The rest of this article is only available to active members of Questia

Already a member? Log in now.

Notes for this article

Add a new note
If you are trying to select text to create highlights or citations, remember that you must now click or tap on the first word, and then click or tap on the last word.
One moment ...
Default project is now your active project.
Project items

Items saved from this article

This article has been saved
Highlights (0)
Some of your highlights are legacy items.

Highlights saved before July 30, 2012 will not be displayed on their respective source pages.

You can easily re-create the highlights by opening the book page or article, selecting the text, and clicking “Highlight.”

Citations (0)
Some of your citations are legacy items.

Any citation created before July 30, 2012 will labeled as a “Cited page.” New citations will be saved as cited passages, pages or articles.

We also added the ability to view new citations from your projects or the book or article where you created them.

Notes (0)
Bookmarks (0)

You have no saved items from this article

Project items include:
  • Saved book/article
  • Highlights
  • Quotes/citations
  • Notes
  • Bookmarks
Cite this article

Cited article

Citations are available only to our active members.
Buy instant access to cite pages or passages in MLA, APA and Chicago citation styles.

(Einhorn, 1992, p. 25)

(Einhorn 25)

1. Lois J. Einhorn, Abraham Lincoln, the Orator: Penetrating the Lincoln Legend (Westport, CT: Greenwood Press, 1992), 25,

Note: primary sources have slightly different requirements for citation. Please see these guidelines for more information.

Cited article

Career Development of Women in Information Technology


Text size Smaller Larger Reset View mode
Search within

Search within this article

Look up

Look up a word

  • Dictionary
  • Thesaurus
Please submit a word or phrase above.
Print this page

Print this page

Why can't I print more than one page at a time?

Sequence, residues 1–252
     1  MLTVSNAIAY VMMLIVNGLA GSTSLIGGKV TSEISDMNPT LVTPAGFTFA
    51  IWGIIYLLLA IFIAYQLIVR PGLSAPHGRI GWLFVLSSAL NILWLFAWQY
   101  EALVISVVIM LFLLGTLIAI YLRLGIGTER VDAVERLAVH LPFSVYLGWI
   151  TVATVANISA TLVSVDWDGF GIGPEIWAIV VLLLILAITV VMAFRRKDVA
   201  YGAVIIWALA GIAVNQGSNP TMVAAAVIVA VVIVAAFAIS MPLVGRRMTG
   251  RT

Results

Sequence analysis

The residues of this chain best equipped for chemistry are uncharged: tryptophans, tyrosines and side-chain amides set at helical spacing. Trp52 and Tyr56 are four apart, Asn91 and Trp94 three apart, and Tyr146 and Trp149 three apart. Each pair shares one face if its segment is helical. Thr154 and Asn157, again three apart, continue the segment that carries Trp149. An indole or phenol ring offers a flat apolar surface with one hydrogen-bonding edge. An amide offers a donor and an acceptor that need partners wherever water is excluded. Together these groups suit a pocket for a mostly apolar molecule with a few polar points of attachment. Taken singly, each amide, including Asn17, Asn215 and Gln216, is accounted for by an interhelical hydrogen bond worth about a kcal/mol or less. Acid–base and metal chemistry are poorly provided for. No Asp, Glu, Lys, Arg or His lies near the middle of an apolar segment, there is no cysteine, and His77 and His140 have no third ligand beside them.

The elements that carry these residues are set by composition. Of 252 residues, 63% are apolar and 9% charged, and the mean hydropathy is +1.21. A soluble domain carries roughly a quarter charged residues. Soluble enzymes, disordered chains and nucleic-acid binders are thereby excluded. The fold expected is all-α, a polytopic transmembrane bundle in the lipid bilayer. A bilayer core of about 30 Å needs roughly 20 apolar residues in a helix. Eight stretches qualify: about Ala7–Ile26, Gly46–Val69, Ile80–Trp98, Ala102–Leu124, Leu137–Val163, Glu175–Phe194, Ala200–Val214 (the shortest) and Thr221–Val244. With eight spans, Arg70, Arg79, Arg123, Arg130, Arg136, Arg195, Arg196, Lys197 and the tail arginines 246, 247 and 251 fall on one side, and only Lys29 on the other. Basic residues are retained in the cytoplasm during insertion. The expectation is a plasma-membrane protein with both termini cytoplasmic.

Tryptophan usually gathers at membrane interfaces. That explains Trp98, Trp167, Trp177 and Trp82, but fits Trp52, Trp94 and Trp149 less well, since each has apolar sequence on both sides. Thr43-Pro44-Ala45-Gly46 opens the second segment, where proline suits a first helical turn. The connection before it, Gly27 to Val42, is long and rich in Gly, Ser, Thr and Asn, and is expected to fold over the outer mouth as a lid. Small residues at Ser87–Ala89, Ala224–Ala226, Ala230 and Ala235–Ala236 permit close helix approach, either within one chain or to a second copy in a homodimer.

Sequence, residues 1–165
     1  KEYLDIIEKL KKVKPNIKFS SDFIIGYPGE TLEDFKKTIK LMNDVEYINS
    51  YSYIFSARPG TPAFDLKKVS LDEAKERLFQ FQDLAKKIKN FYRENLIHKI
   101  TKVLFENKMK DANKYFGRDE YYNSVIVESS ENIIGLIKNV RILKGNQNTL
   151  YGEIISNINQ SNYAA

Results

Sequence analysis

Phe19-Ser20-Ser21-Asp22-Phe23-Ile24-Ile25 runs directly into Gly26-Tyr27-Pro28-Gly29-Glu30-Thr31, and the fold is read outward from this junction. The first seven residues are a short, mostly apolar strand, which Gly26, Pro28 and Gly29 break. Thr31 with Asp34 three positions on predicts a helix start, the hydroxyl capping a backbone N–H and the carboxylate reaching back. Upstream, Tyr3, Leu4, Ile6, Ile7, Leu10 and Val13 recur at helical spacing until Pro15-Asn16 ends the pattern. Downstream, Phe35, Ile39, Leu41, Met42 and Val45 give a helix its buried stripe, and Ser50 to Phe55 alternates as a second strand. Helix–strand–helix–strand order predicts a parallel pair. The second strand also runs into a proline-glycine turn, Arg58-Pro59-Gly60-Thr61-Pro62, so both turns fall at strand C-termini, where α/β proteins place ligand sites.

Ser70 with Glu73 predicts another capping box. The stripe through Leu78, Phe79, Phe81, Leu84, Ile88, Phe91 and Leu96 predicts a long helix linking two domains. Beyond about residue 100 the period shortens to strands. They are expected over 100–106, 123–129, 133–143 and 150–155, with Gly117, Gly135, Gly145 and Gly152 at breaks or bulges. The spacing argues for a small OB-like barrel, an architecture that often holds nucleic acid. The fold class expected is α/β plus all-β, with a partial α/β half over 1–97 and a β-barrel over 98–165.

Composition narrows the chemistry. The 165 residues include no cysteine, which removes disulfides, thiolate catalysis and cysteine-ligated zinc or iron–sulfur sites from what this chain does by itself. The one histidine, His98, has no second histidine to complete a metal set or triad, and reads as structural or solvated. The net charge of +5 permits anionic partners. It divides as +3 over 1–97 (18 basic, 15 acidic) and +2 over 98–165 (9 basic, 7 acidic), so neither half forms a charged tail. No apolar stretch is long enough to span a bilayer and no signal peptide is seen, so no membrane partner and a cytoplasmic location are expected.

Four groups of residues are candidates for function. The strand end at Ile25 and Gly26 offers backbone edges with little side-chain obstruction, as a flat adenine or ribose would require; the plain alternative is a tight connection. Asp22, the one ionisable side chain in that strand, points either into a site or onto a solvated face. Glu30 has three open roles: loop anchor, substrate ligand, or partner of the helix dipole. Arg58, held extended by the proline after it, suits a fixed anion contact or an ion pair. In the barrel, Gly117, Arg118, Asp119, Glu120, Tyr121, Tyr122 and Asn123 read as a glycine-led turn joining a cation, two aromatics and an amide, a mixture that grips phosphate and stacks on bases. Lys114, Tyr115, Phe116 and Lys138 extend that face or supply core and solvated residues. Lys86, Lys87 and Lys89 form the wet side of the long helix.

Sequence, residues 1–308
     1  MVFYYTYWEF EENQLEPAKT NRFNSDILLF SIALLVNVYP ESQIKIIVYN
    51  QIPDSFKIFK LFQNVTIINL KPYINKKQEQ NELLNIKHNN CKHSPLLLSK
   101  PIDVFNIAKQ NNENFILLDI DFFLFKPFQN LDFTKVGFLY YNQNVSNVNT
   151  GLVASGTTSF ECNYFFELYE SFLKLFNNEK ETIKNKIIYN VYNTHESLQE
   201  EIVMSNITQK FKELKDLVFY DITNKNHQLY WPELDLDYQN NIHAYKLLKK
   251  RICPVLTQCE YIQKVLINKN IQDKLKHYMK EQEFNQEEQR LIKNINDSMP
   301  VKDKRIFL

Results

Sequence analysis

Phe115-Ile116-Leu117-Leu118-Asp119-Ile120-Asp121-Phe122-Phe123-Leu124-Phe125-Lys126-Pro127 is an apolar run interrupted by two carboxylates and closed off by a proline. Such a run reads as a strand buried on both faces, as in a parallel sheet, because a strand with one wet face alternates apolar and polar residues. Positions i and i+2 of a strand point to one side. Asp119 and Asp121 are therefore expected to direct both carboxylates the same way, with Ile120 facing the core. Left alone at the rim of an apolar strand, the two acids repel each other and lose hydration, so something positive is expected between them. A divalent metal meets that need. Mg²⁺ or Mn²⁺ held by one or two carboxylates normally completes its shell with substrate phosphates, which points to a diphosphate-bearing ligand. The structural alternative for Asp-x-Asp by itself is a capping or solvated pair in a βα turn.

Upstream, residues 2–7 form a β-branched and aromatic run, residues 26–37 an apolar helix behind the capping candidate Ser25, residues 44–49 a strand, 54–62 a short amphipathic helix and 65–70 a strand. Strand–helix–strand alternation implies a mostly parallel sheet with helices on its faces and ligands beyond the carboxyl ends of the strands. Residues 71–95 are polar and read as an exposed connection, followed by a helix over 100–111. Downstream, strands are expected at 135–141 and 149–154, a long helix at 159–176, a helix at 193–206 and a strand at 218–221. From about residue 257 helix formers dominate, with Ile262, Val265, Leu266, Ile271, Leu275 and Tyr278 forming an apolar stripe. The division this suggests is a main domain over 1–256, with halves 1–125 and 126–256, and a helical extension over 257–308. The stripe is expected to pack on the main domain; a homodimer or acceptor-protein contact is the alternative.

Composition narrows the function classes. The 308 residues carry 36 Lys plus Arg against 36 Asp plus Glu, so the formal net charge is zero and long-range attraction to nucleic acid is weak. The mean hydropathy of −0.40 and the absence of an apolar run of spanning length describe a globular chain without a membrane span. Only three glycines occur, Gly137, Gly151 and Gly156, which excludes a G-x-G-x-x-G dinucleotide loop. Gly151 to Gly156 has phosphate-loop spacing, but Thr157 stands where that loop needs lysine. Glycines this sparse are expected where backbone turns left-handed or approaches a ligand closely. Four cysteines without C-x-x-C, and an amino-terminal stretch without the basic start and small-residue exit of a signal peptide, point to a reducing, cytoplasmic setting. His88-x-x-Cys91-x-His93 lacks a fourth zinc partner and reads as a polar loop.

Full screen

matching results for page

    Questia reader help

    How to highlight and cite specific passages

    1. Click or tap the first word you want to select.
    2. Click or tap the last word you want to select, and you’ll see everything in between get selected.
    3. You’ll then get a menu of options like creating a highlight or a citation from that passage of text.

    OK, got it!

    Cited passage

    Citations are available only to our active members.
    Buy instant access to cite pages or passages in MLA, APA and Chicago citation styles.

    "Portraying himself as an honest, ordinary person helped Lincoln identify with his audiences." (Einhorn, 1992, p. 25).

    "Portraying himself as an honest, ordinary person helped Lincoln identify with his audiences." (Einhorn 25)

    "Portraying himself as an honest, ordinary person helped Lincoln identify with his audiences."1

    1. Lois J. Einhorn, Abraham Lincoln, the Orator: Penetrating the Lincoln Legend (Westport, CT: Greenwood Press, 1992), 25,

    New feature

    It is estimated that 1 in 10 people have dyslexia, and in an effort to make Questia easier to use for those people, we have added a new choice of font to the Reader. That font is called OpenDyslexic, and has been designed to help with some of the symptoms of dyslexia. For more information on this font, please visit

    To use OpenDyslexic, choose it from the Typeface list in Font settings.

    OK, got it!

    Cited passage

    Thanks for trying Questia!

    Please continue trying out our research tools, but please note, full functionality is available only to our active members.

    Your work will be lost once you leave this Web page.

    Buy instant access to save your work.

    Already a member? Log in now.

    Author Advanced search


    An unknown error has occurred. Please click the button below to reload the page. If the problem persists, please try again in a little while.